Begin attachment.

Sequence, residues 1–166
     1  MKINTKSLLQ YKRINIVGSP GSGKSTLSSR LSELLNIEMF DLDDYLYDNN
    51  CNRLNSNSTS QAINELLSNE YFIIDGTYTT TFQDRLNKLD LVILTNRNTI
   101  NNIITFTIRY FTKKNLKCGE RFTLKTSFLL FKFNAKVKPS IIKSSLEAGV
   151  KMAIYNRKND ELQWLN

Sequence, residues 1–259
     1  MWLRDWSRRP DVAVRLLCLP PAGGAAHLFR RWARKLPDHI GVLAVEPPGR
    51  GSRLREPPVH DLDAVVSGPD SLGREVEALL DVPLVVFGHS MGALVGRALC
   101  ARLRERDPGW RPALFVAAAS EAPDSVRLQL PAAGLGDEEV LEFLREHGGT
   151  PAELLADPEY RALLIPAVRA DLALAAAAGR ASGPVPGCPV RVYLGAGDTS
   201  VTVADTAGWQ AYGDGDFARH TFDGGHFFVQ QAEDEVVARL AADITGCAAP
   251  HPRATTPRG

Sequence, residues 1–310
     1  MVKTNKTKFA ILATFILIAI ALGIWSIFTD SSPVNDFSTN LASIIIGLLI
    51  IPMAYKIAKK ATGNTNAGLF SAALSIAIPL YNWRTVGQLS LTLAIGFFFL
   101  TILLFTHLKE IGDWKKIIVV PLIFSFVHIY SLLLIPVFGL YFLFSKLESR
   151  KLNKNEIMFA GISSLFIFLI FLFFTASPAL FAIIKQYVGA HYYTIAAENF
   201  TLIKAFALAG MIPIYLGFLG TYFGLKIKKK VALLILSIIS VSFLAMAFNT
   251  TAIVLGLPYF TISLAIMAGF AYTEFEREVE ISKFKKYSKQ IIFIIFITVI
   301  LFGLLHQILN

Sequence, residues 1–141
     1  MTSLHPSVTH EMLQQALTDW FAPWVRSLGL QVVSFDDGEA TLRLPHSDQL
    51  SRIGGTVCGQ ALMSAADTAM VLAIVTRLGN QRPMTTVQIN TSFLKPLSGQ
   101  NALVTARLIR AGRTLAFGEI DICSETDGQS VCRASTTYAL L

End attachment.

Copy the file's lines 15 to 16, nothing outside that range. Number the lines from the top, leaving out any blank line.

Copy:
    51  IPMAYKIAKK ATGNTNAGLF SAALSIAIPL YNWRTVGQLS LTLAIGFFFL
   101  TILLFTHLKE IGDWKKIIVV PLIFSFVHIY SLLLIPVFGL YFLFSKLESR